Influenza vaccine remains the primary means for preventing seasonal influenza infection. The World Health Organization updates the candidate vaccine every year, based on data collected in the Global Influenza Surveillance Programme. The annual seasonal influenza vaccine contains strains corresponding antigenically, as close as possible, to the most recently circulating of the three seasonal influenza strains causing disease in human populations: Influenza A(H1N1), influenza A(H3N2) and influenza B. Updated recommendations for influenza vaccination in South Africa are published annually (http://www.nicd.ac.za). Several formulations of seasonal influenza vaccine are available and licensed for use in South Africa. Annual vaccines should contain 15μg of each haemagglutinin antigen in each 0.5ml dose. The vaccine formulation for the 2019 influenza season contains an A/Michigan/45/2015 (H1N1)pdm09-like virus, an A/Switzerland/8060/2017 (H3N2)-like virus, and a B/ Colorado/06/2017-like virus (B/Victoria/2/87 lineage).
A protective antibody response takes about 2 weeks to develop, hence vaccines should be administered sufficiently early to provide protection for the winter, although it is never too late to vaccinate. Vaccine effectiveness differs amongst age groups, and is dependent on the age and health of the recipient. Vaccine effectiveness is also dependent on the match between the virus strains in the vaccine and those actually circulating in the community.
The dose in adults is one 0.5 ml dose intramuscularly of the whole, split-product or subunit vaccine. Similarly in children aged 9-12 years one dose of the split-product or subunit vaccine may be used. Children 3-9 years, who have never been vaccinated, should receive 2 doses in total, the initial dose and a further dose one month later. Children 6 months-3 years of age should receive half the adult dose on two occasions separated by month. Influenza vaccine is not recommended for infants aged <6 months.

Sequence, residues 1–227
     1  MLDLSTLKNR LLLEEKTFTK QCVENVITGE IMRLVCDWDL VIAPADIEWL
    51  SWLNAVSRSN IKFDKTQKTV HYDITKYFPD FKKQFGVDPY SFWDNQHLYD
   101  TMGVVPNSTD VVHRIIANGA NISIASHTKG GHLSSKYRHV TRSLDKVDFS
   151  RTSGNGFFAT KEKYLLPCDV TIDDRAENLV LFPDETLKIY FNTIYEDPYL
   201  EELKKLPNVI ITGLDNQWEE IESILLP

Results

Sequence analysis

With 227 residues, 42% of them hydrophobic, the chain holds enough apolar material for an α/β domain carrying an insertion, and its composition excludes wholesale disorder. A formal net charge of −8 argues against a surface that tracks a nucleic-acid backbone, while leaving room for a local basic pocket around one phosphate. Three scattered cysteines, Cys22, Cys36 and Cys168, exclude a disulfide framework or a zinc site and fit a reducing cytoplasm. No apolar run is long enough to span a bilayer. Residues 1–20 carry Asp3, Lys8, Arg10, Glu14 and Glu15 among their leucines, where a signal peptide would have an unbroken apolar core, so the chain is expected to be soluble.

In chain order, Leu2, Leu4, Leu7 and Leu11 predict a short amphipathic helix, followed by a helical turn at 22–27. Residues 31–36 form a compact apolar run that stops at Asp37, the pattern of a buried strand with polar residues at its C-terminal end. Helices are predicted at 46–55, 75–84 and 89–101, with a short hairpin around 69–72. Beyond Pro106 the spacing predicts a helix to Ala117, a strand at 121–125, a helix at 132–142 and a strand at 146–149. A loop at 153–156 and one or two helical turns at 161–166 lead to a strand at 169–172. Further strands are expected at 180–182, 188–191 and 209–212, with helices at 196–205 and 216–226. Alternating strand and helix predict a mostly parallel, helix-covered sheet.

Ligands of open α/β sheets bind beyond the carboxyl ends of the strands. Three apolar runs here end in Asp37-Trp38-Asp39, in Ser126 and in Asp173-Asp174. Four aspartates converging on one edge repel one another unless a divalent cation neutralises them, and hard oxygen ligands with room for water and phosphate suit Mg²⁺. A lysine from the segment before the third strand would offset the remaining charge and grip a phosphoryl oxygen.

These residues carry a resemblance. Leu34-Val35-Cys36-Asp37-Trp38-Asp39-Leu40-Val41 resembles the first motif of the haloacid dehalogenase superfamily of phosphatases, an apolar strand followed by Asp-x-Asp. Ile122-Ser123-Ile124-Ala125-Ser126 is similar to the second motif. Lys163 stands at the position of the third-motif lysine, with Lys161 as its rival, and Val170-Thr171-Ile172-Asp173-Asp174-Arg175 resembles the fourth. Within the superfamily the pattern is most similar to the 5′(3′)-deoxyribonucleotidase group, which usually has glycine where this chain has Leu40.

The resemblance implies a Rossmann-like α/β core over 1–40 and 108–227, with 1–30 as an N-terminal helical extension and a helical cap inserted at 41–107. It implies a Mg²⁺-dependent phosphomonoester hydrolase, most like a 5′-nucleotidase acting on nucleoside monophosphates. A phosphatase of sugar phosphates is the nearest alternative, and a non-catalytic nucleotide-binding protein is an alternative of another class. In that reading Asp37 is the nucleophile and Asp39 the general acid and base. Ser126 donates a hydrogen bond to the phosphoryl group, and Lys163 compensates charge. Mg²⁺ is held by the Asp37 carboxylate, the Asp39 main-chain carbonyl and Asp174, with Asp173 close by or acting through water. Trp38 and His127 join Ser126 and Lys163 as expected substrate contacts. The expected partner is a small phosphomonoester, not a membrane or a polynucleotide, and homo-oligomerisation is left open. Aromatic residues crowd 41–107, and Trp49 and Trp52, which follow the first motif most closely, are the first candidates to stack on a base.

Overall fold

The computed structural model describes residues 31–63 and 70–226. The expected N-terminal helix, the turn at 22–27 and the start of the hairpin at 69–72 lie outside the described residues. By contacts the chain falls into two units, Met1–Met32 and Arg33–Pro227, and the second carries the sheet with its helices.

Adverse events following vaccination are rare, occurring in between 0.5 and 1 % of vaccinations.6 The most common side effects of the vaccine are local swelling, redness or tenderness at the site of the injection, and more rarely low-grade fever or myalgia. If these reactions occur they usually begin soon after vaccination and last no more than 1-2 days. The influenza vaccine is an inactivated virus, therefore, the vaccine does not cause influenza.
Contraindications to influenza vaccination
- Persons with a history of severe hypersensitivity to eggs
- Persons with acute febrile illnesses should preferably be immunised once symptoms have
In conjunction with vaccination, patients should receive advice regarding general preventative precautions such as hand washing, cough hygiene and avoiding contact with people. Patients with clinical influenza should be advised to stay at home during the cause of symptoms to protect colleagues, other children at school and the general population they may come into contact with.
Oseltamivir (Tamflu®) may decrease the duration and severity of influenza illness and should only be considered in high-risk patients, such as those listed in this article. Prophylaxis with oseltamivir (Tamflu®) may also be considered in high-risk patients who have been exposed to confirmed influenza. Patients who are not considered high risk may be treated symptomatically.
Influenza vaccination, although not 100% effective, remains the best available form of protection against influenza, which still causes significant morbidity and mortality worldwide. Influenza vaccine should be given before the start of the influenza season, especially to individuals who fall in the groups recommended for influenza vaccination. The start of the influenza season is posted on the National Institute for Communicable Disease (NICD) webpage. In addition, graphs detailing the influenza season are posted weekly during the season. (http://www.nicd.ac.za).